VOODOO BLACK EXORCIST
In fact, when it comes down to it, Voodoo Black Exorcist is no more than a mummy film with a few nods to voodoo rituals. Aldo Sambrell is essentially a variant on Lon Chaney Jr from the Universal Mummy sequels of the 1940s he is resurrected, takes on human form and poses as an expert after which he stalks about developing an obsessive fixation on the heroine whom he believes to be the reincarnation of his lost love.
Voodoo Back Exorcist is a tedious film. You cannot deny that it kicks in with an entertainingly cheesy opening featuring a voodoo ritual with topless dancers and the Aldo Sambrells loves head severed and the priest dancing about kissing it. Alas, nothing else in the film ever matches this. Thereafter, the bulk of the location is located about a luxury cruise liner where the mummy resurrects from the cargo hold and stalks about, occasionally killing somebody but mostly venturing into Eva Leons cabin and hovering over her bed with creepy intent while she sleeps. These scenes drag to a standstill, being padded out with excruciating comic relief scenes with a middle-aged couple. Not to mention, you are left wondering why on Earth someone would use a cruise ship to transport cargo. Far too late in the show, the mummy finally abducts Eva Leon, resulting in a chase by the doctor and police through the streets of Port-au-Prince to apprehend him as he heads to a cave, before going up in flames.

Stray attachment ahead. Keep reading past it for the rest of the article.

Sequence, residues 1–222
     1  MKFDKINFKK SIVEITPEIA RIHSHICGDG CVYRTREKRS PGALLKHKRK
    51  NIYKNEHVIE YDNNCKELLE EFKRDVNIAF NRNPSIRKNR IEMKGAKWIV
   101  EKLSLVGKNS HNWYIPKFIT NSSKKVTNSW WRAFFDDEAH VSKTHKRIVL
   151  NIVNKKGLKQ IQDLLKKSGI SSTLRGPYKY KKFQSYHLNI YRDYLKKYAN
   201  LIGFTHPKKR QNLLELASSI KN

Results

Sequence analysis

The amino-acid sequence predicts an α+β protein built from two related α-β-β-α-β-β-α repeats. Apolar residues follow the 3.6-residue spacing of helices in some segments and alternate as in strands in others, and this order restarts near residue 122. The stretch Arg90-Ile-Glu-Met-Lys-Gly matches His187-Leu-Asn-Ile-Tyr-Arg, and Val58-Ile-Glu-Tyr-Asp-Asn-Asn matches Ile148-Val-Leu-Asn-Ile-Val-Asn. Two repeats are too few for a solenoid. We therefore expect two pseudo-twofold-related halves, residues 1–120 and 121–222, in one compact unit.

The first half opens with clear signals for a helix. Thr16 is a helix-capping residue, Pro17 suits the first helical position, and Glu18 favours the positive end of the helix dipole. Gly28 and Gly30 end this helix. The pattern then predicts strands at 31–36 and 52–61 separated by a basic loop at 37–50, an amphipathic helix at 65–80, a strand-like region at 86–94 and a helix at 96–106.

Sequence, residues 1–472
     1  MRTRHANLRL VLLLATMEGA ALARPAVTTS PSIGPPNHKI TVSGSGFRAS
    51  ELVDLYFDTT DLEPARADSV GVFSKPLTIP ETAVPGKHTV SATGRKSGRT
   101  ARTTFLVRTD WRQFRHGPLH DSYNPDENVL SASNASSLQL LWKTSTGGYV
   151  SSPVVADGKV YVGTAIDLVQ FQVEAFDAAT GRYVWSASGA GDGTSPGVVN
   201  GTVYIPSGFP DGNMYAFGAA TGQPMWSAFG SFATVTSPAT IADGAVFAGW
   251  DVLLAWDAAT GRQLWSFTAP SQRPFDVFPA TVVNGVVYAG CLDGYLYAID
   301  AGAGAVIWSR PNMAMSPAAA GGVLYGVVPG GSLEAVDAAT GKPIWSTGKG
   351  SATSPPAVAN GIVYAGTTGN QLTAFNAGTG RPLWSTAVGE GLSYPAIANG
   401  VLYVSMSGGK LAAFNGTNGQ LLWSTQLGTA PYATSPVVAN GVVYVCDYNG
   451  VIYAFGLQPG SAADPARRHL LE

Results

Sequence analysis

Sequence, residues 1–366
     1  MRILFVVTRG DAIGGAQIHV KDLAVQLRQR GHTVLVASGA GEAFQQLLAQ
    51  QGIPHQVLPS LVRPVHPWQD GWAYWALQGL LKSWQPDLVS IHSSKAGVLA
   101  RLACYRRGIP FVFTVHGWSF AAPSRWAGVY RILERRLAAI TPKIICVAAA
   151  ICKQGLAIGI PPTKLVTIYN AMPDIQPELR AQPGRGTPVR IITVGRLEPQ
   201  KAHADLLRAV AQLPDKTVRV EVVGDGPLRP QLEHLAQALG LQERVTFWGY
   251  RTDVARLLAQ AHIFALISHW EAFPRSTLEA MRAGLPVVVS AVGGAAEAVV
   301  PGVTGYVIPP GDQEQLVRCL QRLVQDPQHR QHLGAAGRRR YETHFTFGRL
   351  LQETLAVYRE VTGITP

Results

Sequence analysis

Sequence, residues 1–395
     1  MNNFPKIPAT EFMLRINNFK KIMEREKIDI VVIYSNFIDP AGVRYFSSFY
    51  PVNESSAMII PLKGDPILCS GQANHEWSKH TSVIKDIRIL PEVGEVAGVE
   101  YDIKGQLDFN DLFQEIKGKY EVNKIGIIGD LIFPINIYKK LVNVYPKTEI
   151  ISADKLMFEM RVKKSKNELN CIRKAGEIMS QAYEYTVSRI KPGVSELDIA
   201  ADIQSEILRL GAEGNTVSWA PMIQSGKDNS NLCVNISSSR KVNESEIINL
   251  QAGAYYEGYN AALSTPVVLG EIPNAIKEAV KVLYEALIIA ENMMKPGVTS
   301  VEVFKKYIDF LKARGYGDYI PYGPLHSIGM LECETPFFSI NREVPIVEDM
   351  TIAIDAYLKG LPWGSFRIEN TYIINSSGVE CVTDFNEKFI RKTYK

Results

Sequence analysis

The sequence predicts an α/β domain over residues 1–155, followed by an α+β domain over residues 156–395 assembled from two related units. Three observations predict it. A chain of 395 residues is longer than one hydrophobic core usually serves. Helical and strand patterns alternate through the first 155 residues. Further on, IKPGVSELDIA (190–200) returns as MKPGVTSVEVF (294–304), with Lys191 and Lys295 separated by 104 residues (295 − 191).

Director M. (or Miguel) Caño made a handful of films, most of them obscure. Of interest are a couple of Spanish Tarzan films, Tarzan and the Golden Grotto (1969) and Tarzan and the Brown Prince (1972), as well as the horror film The Swamp of the Ravens (1974).
Full film available online here:-